How I Remove Ice From Walkways

Sometimes no matter how advanced technology gets, the best methods of approaching a particular task may never be able to be improved beyond the point where they are currently at.

A great example of this is a story a brother-in-law of mine shared with me a while back.

He is now retired Navy, but during his career was an engineer within the armed forces who most of what he did he could never talk about – the Top Secret stuff – but I do remember an interesting tidbit that stuck in my mind one time when he was sharing of a recent trip he had taken.

Part of the duties of what he did was to travel around the country to make sure that factories manufacturing different components for a variety of items our military uses, were operating as optimally as possible.

From the teeny tiny to the humongous, I can only imagine how cool it must have been to see all of these things in their process of being made, and also being entrusted by our government to make suggestions with not only the products themselves, but also in these ways that they were being produced.

This particular item that stands out in my head was made at – literally – an ancient factory in Pennsylvania where the tools they use today to make this one specific “widget” are the same tools that have been being used for decades.

Not only have these tools remained the same for eons, but so have the specifications of the widget itself.

I quizzed my brother-in-law on this and even when being pressed, he confidently relayed that for what the widget is called upon to do, it has maxed out in any other way it can be perfected and the system that is used to create the widget is maxed out in productive efficiency as well.

This widget is at its ceiling of being able to be improved and it is a good example of items all around us that fall under this same umbrella.

During Winters in New England, it is not uncommon for us to be faced with areas around our homes and businesses that become sheets of ice.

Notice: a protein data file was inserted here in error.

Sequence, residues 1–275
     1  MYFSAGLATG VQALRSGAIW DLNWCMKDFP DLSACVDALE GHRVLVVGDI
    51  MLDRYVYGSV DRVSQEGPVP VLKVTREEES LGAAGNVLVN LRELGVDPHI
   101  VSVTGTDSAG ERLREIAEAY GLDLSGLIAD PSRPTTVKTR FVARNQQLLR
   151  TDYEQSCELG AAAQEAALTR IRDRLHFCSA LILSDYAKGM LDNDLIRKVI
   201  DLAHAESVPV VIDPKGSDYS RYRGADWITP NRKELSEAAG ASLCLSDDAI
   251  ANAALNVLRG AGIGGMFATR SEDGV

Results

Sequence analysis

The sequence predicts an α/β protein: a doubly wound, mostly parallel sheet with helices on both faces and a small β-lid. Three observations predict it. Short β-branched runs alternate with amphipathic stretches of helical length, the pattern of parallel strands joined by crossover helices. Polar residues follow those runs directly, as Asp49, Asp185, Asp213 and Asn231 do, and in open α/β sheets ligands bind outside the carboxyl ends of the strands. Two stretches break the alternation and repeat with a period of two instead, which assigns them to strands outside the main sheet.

While there are all kinds of approaches in terms of removing these annoying patches of ice, I tend to default to one that is in-line with one of these types of items which cannot be made any better than the way it is done so already.

I am sure some folks would suggest to:

– Use some type of salt/ice melt, while this will work, there is the idea of what some folks will get concerned about with regard to the damage the product may cause to the areas around it

– Use heavier machinery, while this will work, not everyone has easy access to more robust equipment

– Use hot water, while this will work, there is a good chance – depending on the temperatures – that things will freeze again to some degree afterward

So then, what do I suggest using?

An ‘ice chopper’.

This is a long-handled tool that may even be multi-purposed to serve as a lawn edger during warmer times of the year.

The head of the ice chopper is made out of steel and looks almost like a tiny, uncurved dustpan.

An ice chopper is super effective, though it certainly does take a bit of elbow grease to use.

To use it, all you do is (a little bit at a time) hold the handle and strike the ice repeatedly in an up and down fashion.

As you do this, you will get more and more used to it and develop techniques to increase your efficiency.

Though there may be an extended time element involved, this will definitely work and help free the walkway of dangerous ice that is just sitting there waiting to cause someone to slip on it.

My guess is this is the same tool that folks used a hundred years ago and one that will still be relevant one hundred years from now.

Similar to the military widget, the ice chopper is a highly effective product that works as wonderful today as it did decades ago and has very much maxed out all areas around it for improvement.

These types of examples are perhaps the perfect combination of the age-old sayings:

“If it’s not broke, don’t fix it.”


“The more things change, the more they stay the same.”

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